In the wake of the fire that hit the Philippine General Hospital (PGH) on May 16, Foreign Affairs Secretary Teodoro “Teddy Boy” Locsin Jr. thought it relevant to tweet about the relationship of former first lady Imelda Marcos with the government-owned medical facility.
“One of the best things Imelda did was rebuild PGH better. She had no authority but she did it. That was one of the charges against her. I think it is still there. Technical malfeasance is impossible to get dismissed or no one bothered to thank her,” Locsin said in response to a tweet by Demontitang Aczar of Manila. The Twitter user was calling on the Duterte administration to “step up and do what needs to be done to repair [PGH] and renovate it.”
The Secretary’s tweet was picked up in a story published by the Manila Bulletin which, according to the social media monitoring tool CrowdTangle, resonated with at least a dozen pro-Marcos Facebook pages and got more than 2,300 interactions on Facebook alone.
But Locsin’s claims need further examination, especially with regard to the beneficence of Imelda who was convicted for graft in 2018 for her role in the expansion and rehabilitation of PGH during her husband’s term as president. The Sandiganbayan ruling, which concluded that ill-gotten funds were funneled to foundations whose ultimate beneficiaries were the Marcoses, remains under appeal.
The PGH project is often described as an initiative of the former first lady but whatever Imelda did for the hospital is tainted, at the very least, with financial mismanagement or worse, outright fraud.
Given her power and influence at the time —she was both chief executive of the Metro Manila Commission and head of the Ministry of Human Settlements — Imelda overhauled PGH using bizarre and infeasible ways to pay for the debt that funded the project.
Locsin claims that although Imelda “had no authority,” she still went ahead with the upgrading of PGH. According to the Official Week in Review: August 3 – August 9, 1981, published in the Official Gazette, Imelda authorized the construction of a 21-story hospital building to replace the existing PGH structure, apparently in her capacity as Minister of Human Settlements. The entry noted that Imelda approved the plan in a meeting with then University of the Philippines President Edgardo Angara and hospital department heads of the UP College of Medicine and several cabinet ministers. During that meeting, it was also agreed that the PGH project would be financed by the Social Security System (SSS).
Less than three months later, on November 1, Imelda set up the PGH Foundation Inc. (PGHFI) with herself as chair to make PGH “a premier hospital for all kinds of people, rich and poor,” according to the Official Week in Review. No accounting for the funds received by PGHFI has ever been publicly produced.
PGHFI was the foundation involved in the “technical malfeasance” case that Locsin may have been alluding to in his tweet. He may have forgotten that in 1998, Imelda had been acquitted of all but one charge related to the foundation. Details of that case show that a lot remains unresolved regarding Imelda’s use of PGHFI for “creative financing.”
According to Dr. Gloria Aragon, PGH director from 1979 to 1983 in her memoir The Road I Travelled, the UP Board of Regents approved the planned SSS loan in July 1982. The following month, a contract was signed in Malacañang by Imelda, Angara, and the contractors for the project which was to be funded by a 25-year SSS loan and completed within 1983.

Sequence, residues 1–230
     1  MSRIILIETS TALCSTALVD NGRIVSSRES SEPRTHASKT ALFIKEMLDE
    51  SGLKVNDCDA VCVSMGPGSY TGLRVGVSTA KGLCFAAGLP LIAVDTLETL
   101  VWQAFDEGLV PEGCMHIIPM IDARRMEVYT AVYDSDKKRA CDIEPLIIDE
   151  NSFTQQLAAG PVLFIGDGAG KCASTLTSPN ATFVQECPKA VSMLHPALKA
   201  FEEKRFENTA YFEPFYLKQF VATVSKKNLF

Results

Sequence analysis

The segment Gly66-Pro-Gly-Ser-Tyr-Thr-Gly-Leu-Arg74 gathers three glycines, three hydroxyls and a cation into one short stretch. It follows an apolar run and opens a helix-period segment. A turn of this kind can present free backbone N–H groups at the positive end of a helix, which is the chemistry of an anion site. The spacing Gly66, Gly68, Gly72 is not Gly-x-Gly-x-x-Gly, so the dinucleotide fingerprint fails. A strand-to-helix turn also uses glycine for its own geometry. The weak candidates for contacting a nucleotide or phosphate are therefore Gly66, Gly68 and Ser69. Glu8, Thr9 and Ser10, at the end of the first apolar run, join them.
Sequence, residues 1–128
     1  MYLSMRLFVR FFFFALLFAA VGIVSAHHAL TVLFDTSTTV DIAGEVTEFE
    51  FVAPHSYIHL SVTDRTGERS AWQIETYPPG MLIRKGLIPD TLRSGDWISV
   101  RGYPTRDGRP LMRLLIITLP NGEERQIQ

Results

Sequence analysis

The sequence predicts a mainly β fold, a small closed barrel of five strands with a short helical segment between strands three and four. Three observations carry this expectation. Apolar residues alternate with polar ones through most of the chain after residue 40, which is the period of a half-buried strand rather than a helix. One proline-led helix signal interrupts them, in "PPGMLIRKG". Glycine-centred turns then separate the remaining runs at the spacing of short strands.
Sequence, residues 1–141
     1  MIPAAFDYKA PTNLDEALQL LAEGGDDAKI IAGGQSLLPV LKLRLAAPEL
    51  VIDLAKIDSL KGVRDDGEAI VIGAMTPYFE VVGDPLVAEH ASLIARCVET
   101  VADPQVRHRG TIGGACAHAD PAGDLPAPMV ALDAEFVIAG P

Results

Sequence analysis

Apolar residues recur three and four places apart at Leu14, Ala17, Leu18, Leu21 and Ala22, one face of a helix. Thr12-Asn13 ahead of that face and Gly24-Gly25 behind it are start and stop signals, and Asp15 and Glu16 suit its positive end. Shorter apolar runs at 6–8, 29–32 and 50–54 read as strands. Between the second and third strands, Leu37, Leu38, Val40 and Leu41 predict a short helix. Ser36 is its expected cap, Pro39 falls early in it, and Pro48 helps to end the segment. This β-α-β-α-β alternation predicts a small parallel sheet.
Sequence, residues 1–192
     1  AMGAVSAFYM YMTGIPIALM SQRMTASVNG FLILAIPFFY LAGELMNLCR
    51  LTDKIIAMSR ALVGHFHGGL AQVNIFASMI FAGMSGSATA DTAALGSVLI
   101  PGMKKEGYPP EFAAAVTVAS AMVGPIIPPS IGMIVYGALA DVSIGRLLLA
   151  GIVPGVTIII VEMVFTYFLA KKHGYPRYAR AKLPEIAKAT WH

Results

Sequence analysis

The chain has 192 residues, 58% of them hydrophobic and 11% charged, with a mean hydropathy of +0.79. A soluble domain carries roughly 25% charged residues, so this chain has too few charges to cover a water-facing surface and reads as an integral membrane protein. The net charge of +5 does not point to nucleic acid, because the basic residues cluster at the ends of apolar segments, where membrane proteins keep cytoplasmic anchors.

An article in the October 1983 issue of the National Economic Development Authority periodical Philippine Development noted that a P450 million SSS loan would finance a “new seven-story main building” of PGH which would begin construction in 1985.
That article was not principally concerned with the PGH project. It was actually a feature article about the first line of the Light Rail Transit (LRT) system under constructed in Manila at the time. The PGH-SSS deal was mentioned because “[that] early, the government [had] decreed that income from the commercial centers at each of the LRT stations will be used to pay off the loan for the expansion of the [PGH] and to maintain the hospital.”
It was a curious scheme.
To pay off a massive debt that PGH would be saddled with, the income of another government facility, the LRT— itself built through even more massive loans from foreign creditors —would be directed to service the loan of the non-profit public hospital. This arrangement was approved despite the fact that, besides the loans it had to pay, the Light Rail Transit Authority (LRTA) also needed to pay a guaranteed income to a private operator contracted to run the line. As stated in the Philippine Development article, the LRTA (rightly) expected that costs would “exceed revenues in the first few years of operation” of the rail line.
The PGH debt was going to be paid off from the income of a mass transit system operating at a loss.
The deal was a head scratcher, but not difficult to facilitate with Imelda in charge of PGHFI as well as chair of the LRTA, established by President Ferdinand Marcos via Executive Order No. 603 on July 12, 1980.
In June 1984, about half a year before the LRT started to service the public, PGHFI and the LRTA made the deal official. The LRTA leased to PGHFI two vacant lots adjacent to the LRT stations in Pasay and Manila. According to Dans v. People, promulgated by the Supreme Court on January 29, 1998, the lease on the two properties were P102,760 and P92,437.20, respectively. Within the same month, PGHFI subleased the lots. The Manila lot was rented out for P199,710 a month to Joy Mart Consolidated Corporation, owner of the Isetann Department Store building that used to stand on the very same lot before it was demolished to give way to the LRT. The Pasay lot went to Transnational Construction Corporation, whose president was Marcos crony Ignacio Gimenez, for a monthly rent of P734,000.
After the EDSA Revolution, in 1992, Imelda Marcos and former transportation minister Jose Dans were charged separately for holding top positions in both the PGHFI and the LRTA and entering into lease agreements that had “‘terms and conditions manifestly and grossly disadvantageous to the government.’”